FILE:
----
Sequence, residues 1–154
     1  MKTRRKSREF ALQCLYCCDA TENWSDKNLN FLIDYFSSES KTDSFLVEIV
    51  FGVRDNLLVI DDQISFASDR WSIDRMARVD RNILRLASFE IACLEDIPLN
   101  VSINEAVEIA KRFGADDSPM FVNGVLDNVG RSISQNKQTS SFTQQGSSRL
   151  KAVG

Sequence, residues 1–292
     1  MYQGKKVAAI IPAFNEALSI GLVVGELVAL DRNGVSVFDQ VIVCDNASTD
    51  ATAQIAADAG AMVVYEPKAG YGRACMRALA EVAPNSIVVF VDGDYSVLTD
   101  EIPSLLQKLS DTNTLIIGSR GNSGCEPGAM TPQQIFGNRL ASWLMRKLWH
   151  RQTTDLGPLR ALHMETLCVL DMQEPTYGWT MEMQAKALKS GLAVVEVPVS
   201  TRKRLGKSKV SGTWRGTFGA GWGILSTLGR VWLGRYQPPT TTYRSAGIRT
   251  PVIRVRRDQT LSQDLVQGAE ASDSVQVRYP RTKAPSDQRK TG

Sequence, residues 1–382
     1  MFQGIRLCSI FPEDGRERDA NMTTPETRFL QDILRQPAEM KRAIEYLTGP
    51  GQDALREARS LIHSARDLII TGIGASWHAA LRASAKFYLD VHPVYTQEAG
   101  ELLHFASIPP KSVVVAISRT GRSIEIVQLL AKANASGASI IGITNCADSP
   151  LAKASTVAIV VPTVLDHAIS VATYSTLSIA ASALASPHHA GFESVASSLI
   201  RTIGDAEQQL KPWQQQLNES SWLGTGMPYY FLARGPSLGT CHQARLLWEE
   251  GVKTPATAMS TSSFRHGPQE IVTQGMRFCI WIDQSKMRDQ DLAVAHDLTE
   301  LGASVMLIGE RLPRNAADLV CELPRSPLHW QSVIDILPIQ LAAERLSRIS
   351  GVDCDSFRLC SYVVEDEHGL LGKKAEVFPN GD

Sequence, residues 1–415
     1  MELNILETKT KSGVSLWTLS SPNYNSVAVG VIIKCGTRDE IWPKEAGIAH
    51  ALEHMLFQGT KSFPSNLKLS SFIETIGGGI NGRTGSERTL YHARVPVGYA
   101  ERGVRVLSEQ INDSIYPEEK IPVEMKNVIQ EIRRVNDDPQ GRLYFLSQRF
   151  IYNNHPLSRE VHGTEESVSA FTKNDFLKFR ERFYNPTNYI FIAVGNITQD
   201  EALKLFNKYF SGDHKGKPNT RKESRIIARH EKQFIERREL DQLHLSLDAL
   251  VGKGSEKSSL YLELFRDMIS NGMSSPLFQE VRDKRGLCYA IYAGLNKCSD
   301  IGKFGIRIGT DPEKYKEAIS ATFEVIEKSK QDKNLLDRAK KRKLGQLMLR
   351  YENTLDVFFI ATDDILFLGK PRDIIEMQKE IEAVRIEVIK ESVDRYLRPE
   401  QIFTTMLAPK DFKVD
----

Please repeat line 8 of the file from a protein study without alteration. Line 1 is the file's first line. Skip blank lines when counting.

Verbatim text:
    51  ATAQIAADAG AMVVYEPKAG YGRACMRALA EVAPNSIVVF VDGDYSVLTD